Archive for January, 2008

Child brides in Afghanistan

January 28, 2008

I came across this photo a little late, but since it is Ghor related I thought I’d mention it. It’s by an American photographer, Stephanie Sinclair, and won UNICEF’s Photo of the Year 2007 competition. It shows a forty year old Afghan man sat next to his eleven year old fiancé

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From the official caption:

He’s forty, she’s eleven. And they are a couple – the Afghan man Mohammed F.* and the child Ghulam H.*. “We needed the money”, Ghulam’s parents said. Faiz claims he is going to send her to school. But the women of Damarda village in Afghanistan’s Ghor province know better: “Our men don’t want educated women.” They predict that Ghulam will be married within a few weeks after her engagement in 2006, so as to bear children for Faiz.

A colleague in a district of Ghor married a thirteen year old girl when he was in his mid-thirties. Now she’s eighteen, has a two year old kid and also works for our organisation. She’s had some schooling – probably as much as is available in that area, which ain’t much – and is functionally literate. He looks a lot more friendly than the guy in the photo above but that’s by the by.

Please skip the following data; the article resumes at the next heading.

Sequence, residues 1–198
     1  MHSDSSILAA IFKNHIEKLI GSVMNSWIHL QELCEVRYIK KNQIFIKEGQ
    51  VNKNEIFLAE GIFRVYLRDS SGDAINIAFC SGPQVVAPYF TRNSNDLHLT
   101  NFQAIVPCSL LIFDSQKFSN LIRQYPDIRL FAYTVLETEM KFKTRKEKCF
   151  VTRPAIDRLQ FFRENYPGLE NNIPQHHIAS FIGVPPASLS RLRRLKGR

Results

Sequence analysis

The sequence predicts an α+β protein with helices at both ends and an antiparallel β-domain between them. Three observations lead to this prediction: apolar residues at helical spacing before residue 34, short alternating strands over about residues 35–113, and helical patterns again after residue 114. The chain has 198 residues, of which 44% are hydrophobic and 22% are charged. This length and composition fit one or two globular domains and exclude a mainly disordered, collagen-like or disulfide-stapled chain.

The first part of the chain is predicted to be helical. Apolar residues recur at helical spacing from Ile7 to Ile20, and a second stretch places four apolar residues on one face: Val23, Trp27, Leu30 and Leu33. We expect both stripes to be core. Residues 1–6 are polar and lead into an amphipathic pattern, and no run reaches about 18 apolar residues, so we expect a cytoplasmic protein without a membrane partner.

Talking about it with his male colleagues one evening, they were firmly of the impression that such practices were khub nest – not good, though I expect they would never say as much in front of him.

Searching quickly through various articles and blogs discussing this photo there is understandable disgust and sorrow, at times though this is directed at Afghanistan’s ‘barbaric traditions’. I’d just say the clue is in the caption: money, or a lack of it. Extreme poverty forces people to sell whatever they have, even a child. That is in no way trying to justify it, just to suggest that it’s not a ‘cultural’ thing. It’s not uncommon to sell off a young daughter in Afghanistan but that doesn’t mean all Afghans agree with the practice.

The Kabul social scene

January 26, 2008